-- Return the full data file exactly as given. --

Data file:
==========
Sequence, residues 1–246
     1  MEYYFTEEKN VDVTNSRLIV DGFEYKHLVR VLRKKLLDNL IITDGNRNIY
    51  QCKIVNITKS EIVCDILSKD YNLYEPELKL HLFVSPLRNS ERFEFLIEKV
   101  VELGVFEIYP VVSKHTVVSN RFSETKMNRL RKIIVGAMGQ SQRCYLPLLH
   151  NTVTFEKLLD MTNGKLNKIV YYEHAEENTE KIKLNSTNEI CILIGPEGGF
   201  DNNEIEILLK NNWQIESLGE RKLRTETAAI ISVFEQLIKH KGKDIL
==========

Sequence, residues 1–246
     1  MEYYFTEEKN VDVTNSRLIV DGFEYKHLVR VLRKKLLDNL IITDGNRNIY
    51  QCKIVNITKS EIVCDILSKD YNLYEPELKL HLFVSPLRNS ERFEFLIEKV
   101  VELGVFEIYP VVSKHTVVSN RFSETKMNRL RKIIVGAMGQ SQRCYLPLLH
   151  NTVTFEKLLD MTNGKLNKIV YYEHAEENTE KIKLNSTNEI CILIGPEGGF
   201  DNNEIEILLK NNWQIESLGE RKLRTETAAI ISVFEQLIKH KGKDIL